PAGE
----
When did you first describe yourself as an artist?:
For my 17th birthday my parents got me my first set of oil-paints. I never stopped painting after that ( to their great chagrin)
The Dutch painter Wim Heldens was born in 1954 in Sittard, in the south of the Netherlands.
He showed an obsessive fascination with drawing from an early age and when he applied to various academies, he already had an impressive body of work. Nevertheless, his unusual talent was not recognized and he was not admitted. Disappointed, but still determined, he applied to the Kunstacademie in Frankfurt Germany in 1974 and was immediately accepted.
But when the good news came, he had just moved to Amsterdam and decided that, he had proven his worth, he preferred to go his own way.
Making a living from portrait commissions, Heldens developed this genre as a means to explore the human condition. While around him the modernist revolution was gradually being accepted as a general norm, Heldens explored renaissance techniques and three- and two-dimensional form, including abstract structural patterns (the influence of abstract notions of form is always very close under the surface). Also, the treatment of light by masters of Dutch 17c painting like Vermeer, Terborch and Nicolaes Maes held his fascination. He began to be asked regularly for exhibitions in galleries in the Netherlands. Various trips to Italy in the seventies were a great stimulation; the greatest impression from these years was the psychologically dramatic work of Carravagio.
The discovery of the art world in New York opened a new field of stimulation and experience. In the period 1990 – 95 Heldens divided his time between New York and Amsterdam, easily mixing in the exciting American artistic community where he, within a couple of months, saw his work on show at the Henoch gallery in SoHo, later to be followed with exposure at the Ganymede Gallery and the Open Studio PS122, both in NY City. The wide variety of different trends – from abstract via pop art to photo realism – which he saw in the East Village, where he had a studio, gave him the inner freedom and confidence to pursue and further develop his psychological realism. He viewed his personal style as a possible way forward after modernism had lost most of its credibility. He painted various portraits in commission, among others for the collector Raymond Saroff, who possesses an impressive collection of American native art. In 1995 Heldens participated in the exhibition ‘Representation represented’ in the Arnot Museum in Elmira (NY) together with Janet Fish, Gregory Gillespie, Paul Cadmus, Claudio Bravo and Michael Leonard, where Heldens’ contribution drew much attention.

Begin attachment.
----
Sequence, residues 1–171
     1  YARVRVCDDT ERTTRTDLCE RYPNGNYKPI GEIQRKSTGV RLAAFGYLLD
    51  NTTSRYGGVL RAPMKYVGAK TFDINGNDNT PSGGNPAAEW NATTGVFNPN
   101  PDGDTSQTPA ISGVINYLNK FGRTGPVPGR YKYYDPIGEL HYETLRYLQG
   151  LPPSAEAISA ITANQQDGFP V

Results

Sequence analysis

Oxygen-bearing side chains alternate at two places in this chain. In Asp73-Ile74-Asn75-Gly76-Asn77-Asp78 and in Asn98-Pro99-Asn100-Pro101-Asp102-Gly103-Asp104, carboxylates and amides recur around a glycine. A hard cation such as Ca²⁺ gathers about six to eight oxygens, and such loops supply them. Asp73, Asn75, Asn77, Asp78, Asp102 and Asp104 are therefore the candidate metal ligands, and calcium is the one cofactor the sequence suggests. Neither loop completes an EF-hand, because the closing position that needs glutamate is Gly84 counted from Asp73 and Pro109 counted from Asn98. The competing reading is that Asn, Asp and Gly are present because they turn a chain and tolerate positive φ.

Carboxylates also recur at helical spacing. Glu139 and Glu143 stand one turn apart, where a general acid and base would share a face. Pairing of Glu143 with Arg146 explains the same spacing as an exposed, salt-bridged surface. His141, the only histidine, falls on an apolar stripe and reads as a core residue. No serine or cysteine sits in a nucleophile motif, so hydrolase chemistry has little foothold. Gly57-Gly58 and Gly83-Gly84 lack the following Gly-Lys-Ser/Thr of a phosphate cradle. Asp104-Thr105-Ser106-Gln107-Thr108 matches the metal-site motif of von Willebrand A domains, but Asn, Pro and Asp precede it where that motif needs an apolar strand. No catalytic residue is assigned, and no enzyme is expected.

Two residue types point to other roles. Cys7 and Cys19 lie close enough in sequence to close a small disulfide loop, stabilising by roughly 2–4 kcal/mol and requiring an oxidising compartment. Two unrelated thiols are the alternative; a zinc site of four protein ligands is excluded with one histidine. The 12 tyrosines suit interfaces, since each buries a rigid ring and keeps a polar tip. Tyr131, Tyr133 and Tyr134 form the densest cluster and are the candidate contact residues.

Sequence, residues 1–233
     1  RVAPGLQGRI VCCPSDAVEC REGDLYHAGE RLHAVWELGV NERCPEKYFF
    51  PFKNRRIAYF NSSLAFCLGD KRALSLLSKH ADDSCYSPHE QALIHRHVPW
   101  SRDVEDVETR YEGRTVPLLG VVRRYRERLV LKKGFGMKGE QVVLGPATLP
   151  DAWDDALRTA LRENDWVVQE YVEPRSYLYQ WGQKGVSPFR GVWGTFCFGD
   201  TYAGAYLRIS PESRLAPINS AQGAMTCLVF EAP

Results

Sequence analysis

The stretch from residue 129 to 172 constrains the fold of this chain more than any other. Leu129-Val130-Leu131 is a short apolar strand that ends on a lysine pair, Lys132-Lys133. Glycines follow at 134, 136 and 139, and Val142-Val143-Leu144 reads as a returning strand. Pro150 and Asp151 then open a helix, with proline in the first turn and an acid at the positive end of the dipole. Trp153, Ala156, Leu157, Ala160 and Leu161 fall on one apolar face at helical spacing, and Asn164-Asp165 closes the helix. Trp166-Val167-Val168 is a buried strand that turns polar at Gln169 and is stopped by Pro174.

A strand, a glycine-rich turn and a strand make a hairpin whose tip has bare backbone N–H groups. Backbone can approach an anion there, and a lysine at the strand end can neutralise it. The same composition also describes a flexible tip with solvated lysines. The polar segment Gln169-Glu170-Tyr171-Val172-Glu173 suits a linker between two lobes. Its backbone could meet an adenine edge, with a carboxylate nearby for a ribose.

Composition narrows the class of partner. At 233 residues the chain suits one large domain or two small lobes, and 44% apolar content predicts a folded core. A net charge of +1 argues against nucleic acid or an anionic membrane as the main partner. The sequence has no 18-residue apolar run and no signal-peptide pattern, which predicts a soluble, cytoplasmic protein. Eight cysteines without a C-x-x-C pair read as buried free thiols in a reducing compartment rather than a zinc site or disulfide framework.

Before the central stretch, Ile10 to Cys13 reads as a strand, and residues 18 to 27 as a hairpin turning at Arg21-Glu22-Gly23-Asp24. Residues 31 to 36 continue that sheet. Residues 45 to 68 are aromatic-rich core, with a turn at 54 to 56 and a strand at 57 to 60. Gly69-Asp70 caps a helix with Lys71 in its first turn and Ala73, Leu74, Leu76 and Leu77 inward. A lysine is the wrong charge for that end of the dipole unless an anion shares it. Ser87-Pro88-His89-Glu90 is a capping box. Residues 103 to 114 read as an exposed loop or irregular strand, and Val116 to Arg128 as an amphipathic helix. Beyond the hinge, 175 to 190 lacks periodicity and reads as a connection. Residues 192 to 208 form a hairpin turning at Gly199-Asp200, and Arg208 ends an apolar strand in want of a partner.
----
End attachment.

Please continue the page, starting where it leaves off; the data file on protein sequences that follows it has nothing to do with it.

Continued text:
From 1995 onwards, Heldens increasingly focuses on Amsterdam where he found his canvasses more and more in demand. In 1998 he decided to move away from portrait commissions to be able to concentrate upon a more versatile expression of human drama in contemporary life. Over the years, the psychology behind his work gradually became more complex and ambiguous, Claire-obscure more striking, contrasts sharper – all along with a continuously developing technique. His paintings found their way into private collections in the Netherlands, England, Germany and the USA, and into collections of the Academic Hospital and the ING Bank in Amsterdam, the Bank Nederlandse Gemeenten , the City Council in Sittard and The Arnot Art museum, Elmira New York.
In 1998 he won the Menena Joy Schwabe Award in The Mall Galleries in London, in 2011 het won the BP Portrait Award First Prize , in the National Portrait Gallery in London.
Heldens is one of those artists who know from the beginning what they want to do. For him, painting is a psychological analysis, a narrative of inner life and experience. His realism, which is rooted in renaissance painting but never a stylistic pastiche, gives form to the human condition in modern life.
The Metropolitan Museum in New York City
A one line summation of your relationship to art:
I am my paintings, my paintings are me.